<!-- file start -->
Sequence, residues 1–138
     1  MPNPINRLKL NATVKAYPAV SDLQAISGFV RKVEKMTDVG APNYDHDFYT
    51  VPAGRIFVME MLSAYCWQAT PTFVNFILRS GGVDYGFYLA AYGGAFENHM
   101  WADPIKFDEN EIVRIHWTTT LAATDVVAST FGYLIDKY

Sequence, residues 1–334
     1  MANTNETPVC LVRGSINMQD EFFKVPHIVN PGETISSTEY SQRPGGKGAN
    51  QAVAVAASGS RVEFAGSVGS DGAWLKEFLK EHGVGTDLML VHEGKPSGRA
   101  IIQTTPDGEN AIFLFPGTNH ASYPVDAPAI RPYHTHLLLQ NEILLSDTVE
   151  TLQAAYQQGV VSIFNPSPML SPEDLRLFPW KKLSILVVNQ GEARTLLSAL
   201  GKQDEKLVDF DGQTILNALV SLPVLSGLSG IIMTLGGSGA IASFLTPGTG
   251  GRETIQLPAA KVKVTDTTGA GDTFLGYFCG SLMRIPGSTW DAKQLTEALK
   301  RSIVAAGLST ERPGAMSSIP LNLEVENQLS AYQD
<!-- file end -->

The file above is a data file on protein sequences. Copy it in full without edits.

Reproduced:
Sequence, residues 1–138
     1  MPNPINRLKL NATVKAYPAV SDLQAISGFV RKVEKMTDVG APNYDHDFYT
    51  VPAGRIFVME MLSAYCWQAT PTFVNFILRS GGVDYGFYLA AYGGAFENHM
   101  WADPIKFDEN EIVRIHWTTT LAATDVVAST FGYLIDKY

Sequence, residues 1–334
     1  MANTNETPVC LVRGSINMQD EFFKVPHIVN PGETISSTEY SQRPGGKGAN
    51  QAVAVAASGS RVEFAGSVGS DGAWLKEFLK EHGVGTDLML VHEGKPSGRA
   101  IIQTTPDGEN AIFLFPGTNH ASYPVDAPAI RPYHTHLLLQ NEILLSDTVE
   151  TLQAAYQQGV VSIFNPSPML SPEDLRLFPW KKLSILVVNQ GEARTLLSAL
   201  GKQDEKLVDF DGQTILNALV SLPVLSGLSG IIMTLGGSGA IASFLTPGTG
   251  GRETIQLPAA KVKVTDTTGA GDTFLGYFCG SLMRIPGSTW DAKQLTEALK
   301  RSIVAAGLST ERPGAMSSIP LNLEVENQLS AYQD